Several weeks later the babies arrived. they are so cute and fuzzy! They are growing very fast and should begin laying eggs at about 6 months of age. The breeds I got were large white Pekin ducks, and a special Hybrid Golden 300, which is supposed to lay up to 300 eggs per year.

Friday, February 17, 2012

Gluten-Free Fry Bread

I was watching a TV show about Native American cooking and it reminded me of visiting the hot springs at Kah-Ne-Tah and friends nearby from the Chinook Nation who make fry bread at Sunday Market. I've been trying to cook with brown rice flour instead of wheat, so I thought I would try it in the fry bread recipe, since it was simple. It comes out crispy and golden on the outside, and soft in the middle. When topped with blackberry jelly, it tastes pretty awesome!

Gluten-Free Fry Bread

3 cups brown rice flour
½ cup sugar
1 tbsp baking powder
½ tsp salt
1 tsp xanthan gum
1 ¼ cup fresh goat milk
¼ cup warm water
olive oil for frying

Mix the dry ingredients together in a large bowl. Add milk and water, then mix first with a spoon, and then with hands until reaching a soft dough consistency.
Separate the dough into 1/4 cup sized pieces. Roll each into a ball, and then flatten to a half inch thick circle, like a thicker tortilla. Fry each round in olive oil over medium high temperature, turning after 1-2 minutes so that the outside is golden and crispy, and the inside is soft, yet cooked through. Makes about 10 of the 4 inch diameter breads.

These are great served warm topped with blackberry jelly, and are even ok the next day topped with tomato sauce and goats milk mozzarella.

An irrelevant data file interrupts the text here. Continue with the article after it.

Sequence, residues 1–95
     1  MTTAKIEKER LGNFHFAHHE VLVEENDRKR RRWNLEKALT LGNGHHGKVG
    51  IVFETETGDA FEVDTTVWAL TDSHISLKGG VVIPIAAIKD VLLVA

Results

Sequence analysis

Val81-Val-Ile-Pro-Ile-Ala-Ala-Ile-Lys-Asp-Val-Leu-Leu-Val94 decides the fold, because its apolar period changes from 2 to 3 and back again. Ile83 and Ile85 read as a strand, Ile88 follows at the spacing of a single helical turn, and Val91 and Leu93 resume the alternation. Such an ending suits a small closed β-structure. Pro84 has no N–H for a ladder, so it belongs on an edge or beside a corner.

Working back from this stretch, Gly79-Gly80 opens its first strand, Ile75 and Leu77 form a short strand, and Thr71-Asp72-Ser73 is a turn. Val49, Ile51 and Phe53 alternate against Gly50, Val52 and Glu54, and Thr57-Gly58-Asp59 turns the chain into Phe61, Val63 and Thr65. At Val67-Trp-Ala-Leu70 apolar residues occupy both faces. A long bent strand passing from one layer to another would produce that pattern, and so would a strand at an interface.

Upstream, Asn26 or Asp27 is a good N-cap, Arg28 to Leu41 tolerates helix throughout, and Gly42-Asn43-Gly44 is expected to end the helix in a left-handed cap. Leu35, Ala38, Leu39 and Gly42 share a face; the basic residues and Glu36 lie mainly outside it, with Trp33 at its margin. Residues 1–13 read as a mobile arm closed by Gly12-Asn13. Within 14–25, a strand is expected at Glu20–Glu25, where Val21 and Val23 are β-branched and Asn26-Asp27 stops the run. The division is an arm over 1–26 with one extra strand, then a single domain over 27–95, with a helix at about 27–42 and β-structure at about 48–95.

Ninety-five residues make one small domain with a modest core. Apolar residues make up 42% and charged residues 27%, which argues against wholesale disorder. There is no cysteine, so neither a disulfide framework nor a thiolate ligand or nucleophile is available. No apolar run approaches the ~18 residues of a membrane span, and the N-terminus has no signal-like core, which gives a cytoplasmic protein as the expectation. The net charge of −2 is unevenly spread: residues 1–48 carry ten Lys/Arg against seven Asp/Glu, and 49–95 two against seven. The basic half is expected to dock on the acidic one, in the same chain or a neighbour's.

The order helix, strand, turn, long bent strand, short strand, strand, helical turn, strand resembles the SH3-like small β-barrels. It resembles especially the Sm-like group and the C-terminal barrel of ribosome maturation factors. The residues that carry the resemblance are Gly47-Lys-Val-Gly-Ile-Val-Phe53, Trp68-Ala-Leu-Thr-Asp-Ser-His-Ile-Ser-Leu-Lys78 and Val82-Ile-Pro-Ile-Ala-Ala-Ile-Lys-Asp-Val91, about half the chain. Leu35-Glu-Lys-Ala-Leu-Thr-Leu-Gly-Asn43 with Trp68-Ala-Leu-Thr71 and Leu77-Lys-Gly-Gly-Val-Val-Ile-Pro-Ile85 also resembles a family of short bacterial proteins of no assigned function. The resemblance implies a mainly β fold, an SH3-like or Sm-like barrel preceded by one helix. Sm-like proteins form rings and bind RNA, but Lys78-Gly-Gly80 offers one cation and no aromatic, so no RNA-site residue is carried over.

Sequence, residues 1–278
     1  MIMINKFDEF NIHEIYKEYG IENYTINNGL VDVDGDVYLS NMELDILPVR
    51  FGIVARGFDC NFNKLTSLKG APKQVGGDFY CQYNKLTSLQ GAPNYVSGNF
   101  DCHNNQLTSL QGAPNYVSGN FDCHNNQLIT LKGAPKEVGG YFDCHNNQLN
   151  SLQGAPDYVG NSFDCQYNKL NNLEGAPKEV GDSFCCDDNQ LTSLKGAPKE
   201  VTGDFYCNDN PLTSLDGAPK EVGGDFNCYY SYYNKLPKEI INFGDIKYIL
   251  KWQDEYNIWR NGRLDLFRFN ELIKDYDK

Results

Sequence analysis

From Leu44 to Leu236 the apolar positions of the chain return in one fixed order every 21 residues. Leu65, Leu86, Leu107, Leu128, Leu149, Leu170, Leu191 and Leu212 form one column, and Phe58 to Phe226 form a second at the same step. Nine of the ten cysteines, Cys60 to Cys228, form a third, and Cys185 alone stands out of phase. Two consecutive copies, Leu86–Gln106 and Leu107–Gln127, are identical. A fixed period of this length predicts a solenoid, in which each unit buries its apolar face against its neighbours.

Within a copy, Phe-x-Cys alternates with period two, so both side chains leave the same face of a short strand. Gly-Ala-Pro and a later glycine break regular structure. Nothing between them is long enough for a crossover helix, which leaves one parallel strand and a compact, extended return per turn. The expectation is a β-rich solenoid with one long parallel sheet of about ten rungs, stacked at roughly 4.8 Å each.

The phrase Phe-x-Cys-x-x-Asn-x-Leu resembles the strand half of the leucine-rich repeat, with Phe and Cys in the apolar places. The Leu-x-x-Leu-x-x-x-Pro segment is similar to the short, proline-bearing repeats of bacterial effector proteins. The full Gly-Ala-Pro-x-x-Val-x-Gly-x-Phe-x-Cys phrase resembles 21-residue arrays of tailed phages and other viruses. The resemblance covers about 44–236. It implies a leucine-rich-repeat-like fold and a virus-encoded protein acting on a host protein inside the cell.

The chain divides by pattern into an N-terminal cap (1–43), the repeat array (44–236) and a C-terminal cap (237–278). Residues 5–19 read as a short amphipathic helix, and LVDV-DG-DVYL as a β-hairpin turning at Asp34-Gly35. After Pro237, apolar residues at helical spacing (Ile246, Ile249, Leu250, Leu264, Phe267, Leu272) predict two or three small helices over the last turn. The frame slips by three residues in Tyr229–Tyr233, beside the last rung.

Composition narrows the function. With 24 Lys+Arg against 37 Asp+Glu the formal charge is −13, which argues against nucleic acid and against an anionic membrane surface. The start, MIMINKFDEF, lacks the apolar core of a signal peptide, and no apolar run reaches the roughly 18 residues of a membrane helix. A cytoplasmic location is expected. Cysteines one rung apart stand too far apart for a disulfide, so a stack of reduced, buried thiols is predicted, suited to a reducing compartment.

Saturday, January 28, 2012

Cheese Season and Butter Season

My dairy goats have just changed from butter season to cheese season!

The butterfat in their milk changes seasonally. In the Spring, there is lots of milk to feed hungry baby goats, but the butterfat is low. In the Fall, the amount of milk they give is less, but the butterfat content is higher. This changes what we can do with their milk during the year.

In the Spring and Summer, we make lots of fresh chevre cheese, but once the milk becomes very rich in the Fall, the cheese won't set. This is our signal to make as much goat butter as we can and freeze it for later. Once the goats have babies, we start back in with cheese.

Some of our goats are not pregnant this year. If we continue to milk them regularly, they continue to produce milk. In January or so, they suddenly begin to produce lots more milk and their butterfat content drops, as if they had babies. It's always a bit of a surprise.

While butter cookies and buttercream frosting are awesome, I've really been missing my homemade mac and cheese!

Monday, January 2, 2012

An Upcycled Cold Frame For An Early Start

The weather has been pretty mild so far this winter, but I am thinking a cold frame will help plant seedlings get an early start.

There are lots and lots of plans for cold frames on the internet. They are pretty much a sloped box with a glass or plastic lid. The walls of the box keep out icy winds, and the glass top works like a greenhouse to keep the tender plant starts warm.

I found a free sliding glass door at a window company that was pretty worn out as a sliding door. It is really heavy so my mom helped to move it. The frame is from two 2x12x8 foot pieces and a 2x6x8 foot piece, cut to fit the size of the door. The slope is just the difference between the back 2x12 and the front 2x6. I left the bottom open for drainage.

I'll try some early salad greens, peas, and some nasturtiums. If I replace the glass door with a screen door later, I might just be able to sneak some basil past the wild bunnies!